BRAIN IMAGING READY TO DETECT TERRORISTS, SAY NEUROSCIENTISTS / LIES
FROM THE TRUTH CAN BE DETECTED WITH A 99% ACCURACY RATE
Jennifer Wild – 2005-09-25
So now your own brain waves will give you away if you lie about something — Big Brother will love this addition to his arsenal of mind control and manipulation techniques.
BRAIN IMAGING READY TO DETECT TERRORISTS, SAY NEUROSCIENTISTS / LIES FROM THE TRUTH CAN BE DETECTED WITH A 99% ACCURACY RATE! – By Jennifer Wild Nature Monday, September 26, 2005
Brain-imaging techniques that reveal when a person is lying are now reliable enough to identify criminals, claim researchers.
Critics maintain that the technique will never be useful for such investigations, arguing that, as with traditional polygraph detectors, liars could learn to fool the tests. And researchers in the field have previously admitted that the approach needs more work. But neuroscientists from the University of Pennsylvania School of Medicine in Philadelphia have now told Nature that they believe their test is ready for real-life scenarios.
Daniel Langleben and his colleagues use functional magnetic resonance imaging (fMRI) to track people’s brains when they lie and tell the truth. By analysing brain activity during both scenarios, they have developed an algorithm that CAN DETECT LIES FROM TRUTH WITH can 99% ACCURACY.
Team member Ruben Gur points out that, unlike the polygraph, fMRI does not rely on controllable symptoms such as sweating or a fast heartbeat. Instead it monitors the central nervous system. When someone lies, their brain inhibits them from telling the truth, and this makes the frontal lobes more active. “A lie is always more complicated than the truth,” says Gur. “You think a bit more and fMRI picks that up.”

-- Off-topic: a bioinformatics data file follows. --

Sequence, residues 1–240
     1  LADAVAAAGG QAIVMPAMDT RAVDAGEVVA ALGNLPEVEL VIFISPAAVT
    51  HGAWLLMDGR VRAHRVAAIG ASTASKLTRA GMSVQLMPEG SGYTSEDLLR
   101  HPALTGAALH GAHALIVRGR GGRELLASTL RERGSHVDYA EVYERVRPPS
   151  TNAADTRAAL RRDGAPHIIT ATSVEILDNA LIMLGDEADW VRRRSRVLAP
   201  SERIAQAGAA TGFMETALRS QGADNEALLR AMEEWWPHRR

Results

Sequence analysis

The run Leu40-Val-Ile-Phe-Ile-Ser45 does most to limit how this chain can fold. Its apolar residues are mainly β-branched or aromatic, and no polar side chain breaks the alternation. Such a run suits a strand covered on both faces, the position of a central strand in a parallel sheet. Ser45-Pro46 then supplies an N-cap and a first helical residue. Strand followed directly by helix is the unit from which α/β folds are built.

In the latest study (C. Davatzikos et al. Neuroimage, in the press) the team gave volunteers an envelope with two cards and $20; subjects could keep the cash if they lied convincingly in the tests. Once they were inside the fMRI scanner, each person had to press a button to indicate whether a card flashed on the screen matched one of theirs. They were asked to be honest about having one of the cards and to lie about having the other.
Langleben has previously warned that fMRI is a research tool, not a way to spot liars. But the latest research has changed his tune. “We can’t say whether this person will one day use a bomb,” he says. “But we can use fMRI to find concealed information. We can ask: is X involved in terrorist organization Y?”
The main advance is being able to distinguish lies from truthful statements in a given individual. Although previously scientists could see how the brain lit up when people lied, results were based on the averaged brain activity of a group of people and did not look at individual fibs for each person. “Now we can tell when an individual lies on a specific question,” says Gur. “This is a major step forward.”
Critics argue that lab experiments do not equate to real-life situations. Getting a reward for concealing a lie is not the same thing as losing your job or getting a criminal conviction for being found out, which is a far more likely consequence, says Jennifer Vendemia, an expert in lie-detection research at the University of South Carolina, Columbia. “There is nothing you can do in the lab that would mimic job loss, the death penalty, or public humiliation.”
But the biggest concerns about using fMRI to detect lies, says Vendemia, are over ethical issues, such as whether individuals have the right to keep their thoughts private.
Critics and researchers agree that more funding is needed to standardize the method and iron out ethical concerns before the approach is used routinely. The team’s next step is to expand its studies to include women, people of different cultures, and psychopaths.